Sibling squad behind top games focus on Cambodian art,culture

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Sitting in his small production studio situated in his flat in Phnom Penh’s Boeung Tompun district, Piseth Chhourm makes small adjustments to the music that will provide the soundtrack for his soon to be released online game.

Chhourm is the director of DirexPlay, one of the Kingdom’s better known games development firms.

He established the company five years ago along with his three siblings, Rothana Chhourm, who is character and animation artist, Visal Chhourm, who acts as the programming artist, and Malis Roeun, who is the environment and design artist.

DirexPlay’s best known release is action title Jailbreak, the eponymous game based on Italian director Jimmy Henderson’s 2016 Cambodian blockbuster. Upon its release, it became the first game in the Kingdom’s history to be based on a film.

DirexPlay pipped 37 other local candidates – including start-ups, private sector firms, NGOs and public service institutions – to win first place at the 2017 Cambodia ICT Awards for their work on the mobile game.

“We won the first place for Jailbreak after we received a lot of positive feedback following its release. At that time, we got more than 100,000 downloads in just three months,” 30-year-old Chhourm tells The Post.

Chhourm believes that DirexPlay’s games are so successful as they strive to incorporate Cambodian identity and culture into their products.

Inspired by Nintendo

Born in 1989 in Siem Reap province, Chhourm recalls a childhood of classic gaming, rushing home from school as a boy to play Rambo on his Nintendo Entertainment System (NES).

He first gained access to the internet in 2005 when he went to study at 10 Makara 1979 High School in Siem Reap city, saying it was a pivotal time for him as “he started to get very interested in technology”.

After graduating from his civil engineering degree at Siem Reap’s Build Bright University in 2010, he boldly decided to leave his family and move to Phnom Penh looking for work, taking up jobs as a consultant with several IT Companies.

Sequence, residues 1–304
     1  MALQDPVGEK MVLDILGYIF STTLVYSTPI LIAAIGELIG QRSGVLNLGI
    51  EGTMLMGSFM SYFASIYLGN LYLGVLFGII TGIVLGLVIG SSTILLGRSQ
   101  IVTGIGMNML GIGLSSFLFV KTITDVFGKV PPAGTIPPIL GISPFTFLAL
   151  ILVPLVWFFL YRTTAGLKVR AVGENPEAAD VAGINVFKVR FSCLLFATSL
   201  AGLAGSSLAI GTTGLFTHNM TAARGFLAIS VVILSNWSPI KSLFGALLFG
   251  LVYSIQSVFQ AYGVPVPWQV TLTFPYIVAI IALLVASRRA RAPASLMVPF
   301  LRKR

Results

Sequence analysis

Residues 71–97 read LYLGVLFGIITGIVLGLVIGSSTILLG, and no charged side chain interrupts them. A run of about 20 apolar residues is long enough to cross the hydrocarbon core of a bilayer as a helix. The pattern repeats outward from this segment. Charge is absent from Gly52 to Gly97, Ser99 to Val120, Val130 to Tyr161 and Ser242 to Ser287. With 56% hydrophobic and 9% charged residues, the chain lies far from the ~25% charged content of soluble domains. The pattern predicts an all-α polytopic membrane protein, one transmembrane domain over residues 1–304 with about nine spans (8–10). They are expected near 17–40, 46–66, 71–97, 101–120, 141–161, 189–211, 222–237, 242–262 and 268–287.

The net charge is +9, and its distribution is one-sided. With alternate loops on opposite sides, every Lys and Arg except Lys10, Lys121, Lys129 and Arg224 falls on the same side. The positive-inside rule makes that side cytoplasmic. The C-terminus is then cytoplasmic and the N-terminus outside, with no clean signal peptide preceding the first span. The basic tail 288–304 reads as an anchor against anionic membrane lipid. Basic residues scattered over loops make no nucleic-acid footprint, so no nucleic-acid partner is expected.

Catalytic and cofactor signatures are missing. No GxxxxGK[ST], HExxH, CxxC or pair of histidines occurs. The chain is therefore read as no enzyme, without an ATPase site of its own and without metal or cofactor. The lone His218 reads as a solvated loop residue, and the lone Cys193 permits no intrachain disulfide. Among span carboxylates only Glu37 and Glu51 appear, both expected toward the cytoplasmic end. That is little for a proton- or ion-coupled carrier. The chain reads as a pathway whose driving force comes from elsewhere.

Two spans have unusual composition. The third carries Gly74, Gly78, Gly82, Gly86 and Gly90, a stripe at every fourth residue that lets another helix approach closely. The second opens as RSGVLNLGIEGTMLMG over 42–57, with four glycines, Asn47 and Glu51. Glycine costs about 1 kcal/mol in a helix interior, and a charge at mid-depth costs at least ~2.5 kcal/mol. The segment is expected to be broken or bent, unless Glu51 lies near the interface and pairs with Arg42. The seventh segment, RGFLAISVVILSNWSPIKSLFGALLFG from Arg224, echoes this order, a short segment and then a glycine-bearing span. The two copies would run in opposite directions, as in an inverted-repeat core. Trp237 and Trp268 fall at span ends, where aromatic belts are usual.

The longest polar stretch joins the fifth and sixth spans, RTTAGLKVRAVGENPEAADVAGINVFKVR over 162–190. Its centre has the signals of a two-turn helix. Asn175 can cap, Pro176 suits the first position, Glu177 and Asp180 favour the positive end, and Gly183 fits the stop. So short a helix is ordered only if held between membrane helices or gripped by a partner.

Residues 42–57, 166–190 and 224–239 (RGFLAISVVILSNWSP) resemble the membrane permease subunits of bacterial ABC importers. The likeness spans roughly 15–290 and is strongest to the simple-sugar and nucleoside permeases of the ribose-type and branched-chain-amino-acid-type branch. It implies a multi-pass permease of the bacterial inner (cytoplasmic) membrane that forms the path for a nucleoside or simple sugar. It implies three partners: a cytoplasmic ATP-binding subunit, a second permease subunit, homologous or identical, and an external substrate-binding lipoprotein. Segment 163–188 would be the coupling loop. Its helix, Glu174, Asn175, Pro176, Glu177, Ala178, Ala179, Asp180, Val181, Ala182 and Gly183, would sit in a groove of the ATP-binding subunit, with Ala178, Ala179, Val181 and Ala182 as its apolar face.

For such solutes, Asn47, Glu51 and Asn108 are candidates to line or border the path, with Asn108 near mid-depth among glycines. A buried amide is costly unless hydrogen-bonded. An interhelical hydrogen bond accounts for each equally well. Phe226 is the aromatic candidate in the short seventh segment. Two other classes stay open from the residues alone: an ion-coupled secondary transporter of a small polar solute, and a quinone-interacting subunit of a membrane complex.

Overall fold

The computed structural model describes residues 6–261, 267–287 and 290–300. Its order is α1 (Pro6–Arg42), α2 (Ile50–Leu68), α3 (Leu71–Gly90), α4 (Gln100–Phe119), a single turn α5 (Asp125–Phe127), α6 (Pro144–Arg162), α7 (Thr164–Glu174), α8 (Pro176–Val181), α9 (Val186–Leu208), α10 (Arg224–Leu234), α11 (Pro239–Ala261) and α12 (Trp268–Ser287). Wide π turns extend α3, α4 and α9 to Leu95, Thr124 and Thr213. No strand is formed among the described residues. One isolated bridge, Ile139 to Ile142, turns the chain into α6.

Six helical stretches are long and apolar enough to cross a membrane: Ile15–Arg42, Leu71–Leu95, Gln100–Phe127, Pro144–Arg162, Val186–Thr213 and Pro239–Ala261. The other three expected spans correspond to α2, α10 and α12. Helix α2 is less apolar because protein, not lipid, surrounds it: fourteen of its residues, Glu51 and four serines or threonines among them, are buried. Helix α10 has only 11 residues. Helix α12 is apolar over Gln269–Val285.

But in 2014, with all his siblings about to graduate university, Chhourm saw an opportunity to break into the industry he first fell in love with as a boy.

“By 2014 my siblings had nearly all graduated university, each learning things like design, animation and programming. We saw an opportunity and decided to make a game because it is a growing and popular form of entertainment,” he says.

DirexPlay’s first game was puzzle game Hungry Obob, which incorporated aspects of Khmer culture like Angkor Wat.

It gained a lot of fans and received overwhelming positive player feedback.

When creating a new title, the studio first finds the concept, before then developing a core mechanic game prototype for testing.

After testing, they reach the pre-production stage, where they create a story and establish the game’s flow. They pay a lot of attention to geography, Khmer literature and other foreign books as inspiration.

They then select the setting and break the game down into episodes and levels. This stage is largely handled by Malis Roeun, who is responsible for designing the environment, while Rothana Chhourm works on the characters.

The production stage starts when they are ready to be combine all their work into a game, adding sound effects, a theme and background music.

Their games are released on both Android and IOS, with their core demographic being players aged 10- to 30-years-old.

DirexPlay also presented their titles at the Global Entrepreneurship Community (GEC) Summit in December 2017 in Kuala Lumpur, Malaysia and the Echelon Asia Summit in June last year in Singapore.
Despite facing shortages in terms of both human and material resources, Chhourm is proud of the “local culture” he injects into DirexPlay’s games.

In March, DirexPlay released their latest title Wrath of Fighter, which has received 62,000 downloads to date.

“Players enjoy Wrath of Fighter because it has Hanuman [a mythical monkey warrior] and Yak [an evil giant in Khmer belief]. We got more downloads than previous games; some days we even got up to 10,000 downloads,” Chhourm says.

The team is now working on its latest title Light in the Dark Age, a game inspired by Mahabharata, one of two Sanskrit epics of ancient India which influenced Cambodian culture through Hinduism in the past.

The game is “70 to 80 per cent complete” and will be released this year.

DirexPlay has so far operated on investments by the four siblings, but they have big ambitions to expand.

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